Article: article from journal or magazin.
Performance of younger and older adults in lateralized right and left hemisphere asymmetry tasks supports the HAROLD model
The population of industrialized societies has increased tremendously over the last century, raising the question on how an enhanced age affects cognition. The relevance of two models of healthy aging are contrasted in the present study that both target the functioning of the two cerebral hemispheres. The right hemi-aging model (RHAM) assumes that functions of the right hemisphere decline before those of the left hemisphere. The Hemispheric Asymmetry Reduction in Older Adults (HAROLD) Model suggests that the contralateral hemisphere supports the normally superior hemisphere in a given task resulting in a reduced hemispheric asymmetry overall. In a mixed design, 20 younger and 20 older adults performed both a task assessing a left (lateralized lexical decisions) and a right (sex decisions on chimeric faces) hemisphere advantage. Results indicated that lateralized performance in both tasks was attenuated in older as compared to younger adults, in particular in men. These observations support the HAROLD model. Future studies should investigate whether this reduced functional hemispheric asymmetry in older age results from compensatory processes or from a process of de-differentiation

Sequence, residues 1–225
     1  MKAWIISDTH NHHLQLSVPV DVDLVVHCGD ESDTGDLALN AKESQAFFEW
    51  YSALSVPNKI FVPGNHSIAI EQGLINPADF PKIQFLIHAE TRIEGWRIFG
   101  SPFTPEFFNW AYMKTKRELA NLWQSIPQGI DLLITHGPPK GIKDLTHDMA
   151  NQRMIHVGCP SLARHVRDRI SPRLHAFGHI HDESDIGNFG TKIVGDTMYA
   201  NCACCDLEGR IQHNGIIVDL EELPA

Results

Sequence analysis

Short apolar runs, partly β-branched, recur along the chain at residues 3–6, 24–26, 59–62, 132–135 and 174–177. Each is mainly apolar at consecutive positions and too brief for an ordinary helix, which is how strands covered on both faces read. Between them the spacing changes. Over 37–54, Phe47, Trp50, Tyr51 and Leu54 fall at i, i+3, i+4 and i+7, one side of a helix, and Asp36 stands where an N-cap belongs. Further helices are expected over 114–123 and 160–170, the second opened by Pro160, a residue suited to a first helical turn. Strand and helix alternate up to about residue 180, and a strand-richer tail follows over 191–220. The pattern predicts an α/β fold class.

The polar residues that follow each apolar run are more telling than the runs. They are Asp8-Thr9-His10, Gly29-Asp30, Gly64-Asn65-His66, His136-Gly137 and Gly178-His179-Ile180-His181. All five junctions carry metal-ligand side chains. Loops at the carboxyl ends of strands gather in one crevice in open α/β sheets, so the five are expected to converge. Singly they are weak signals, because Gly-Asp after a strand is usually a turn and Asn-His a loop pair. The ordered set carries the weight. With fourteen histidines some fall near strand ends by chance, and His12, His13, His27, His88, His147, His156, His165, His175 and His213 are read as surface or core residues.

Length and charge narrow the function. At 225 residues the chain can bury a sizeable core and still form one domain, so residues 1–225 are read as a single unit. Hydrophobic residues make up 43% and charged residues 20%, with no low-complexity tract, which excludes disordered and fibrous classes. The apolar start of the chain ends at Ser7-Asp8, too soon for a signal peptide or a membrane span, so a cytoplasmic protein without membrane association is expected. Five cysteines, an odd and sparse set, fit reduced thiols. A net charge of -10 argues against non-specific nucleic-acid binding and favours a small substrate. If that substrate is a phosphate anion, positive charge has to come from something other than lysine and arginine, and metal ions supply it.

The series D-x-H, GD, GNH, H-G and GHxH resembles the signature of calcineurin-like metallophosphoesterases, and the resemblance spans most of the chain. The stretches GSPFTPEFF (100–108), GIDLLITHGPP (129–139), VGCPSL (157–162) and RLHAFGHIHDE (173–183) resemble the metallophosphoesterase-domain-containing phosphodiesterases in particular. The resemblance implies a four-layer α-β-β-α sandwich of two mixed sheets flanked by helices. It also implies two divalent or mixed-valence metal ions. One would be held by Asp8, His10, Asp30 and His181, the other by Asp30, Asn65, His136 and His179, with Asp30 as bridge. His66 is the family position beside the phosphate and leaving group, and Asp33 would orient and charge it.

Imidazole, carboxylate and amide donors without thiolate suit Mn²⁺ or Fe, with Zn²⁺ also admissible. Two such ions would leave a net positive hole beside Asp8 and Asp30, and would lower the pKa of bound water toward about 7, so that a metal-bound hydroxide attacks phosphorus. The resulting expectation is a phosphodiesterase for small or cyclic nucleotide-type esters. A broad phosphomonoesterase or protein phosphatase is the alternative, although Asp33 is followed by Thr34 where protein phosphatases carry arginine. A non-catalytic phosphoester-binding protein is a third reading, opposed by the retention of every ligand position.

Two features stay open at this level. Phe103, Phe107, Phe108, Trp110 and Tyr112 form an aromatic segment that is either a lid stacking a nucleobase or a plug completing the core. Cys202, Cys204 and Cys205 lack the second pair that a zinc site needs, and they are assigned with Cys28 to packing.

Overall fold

Ageing, Hemispheric asymmetry, Laterality, Right hemi-ageing model, RHAM, Chimeric faces, Lexical decisions, Perceptual bias
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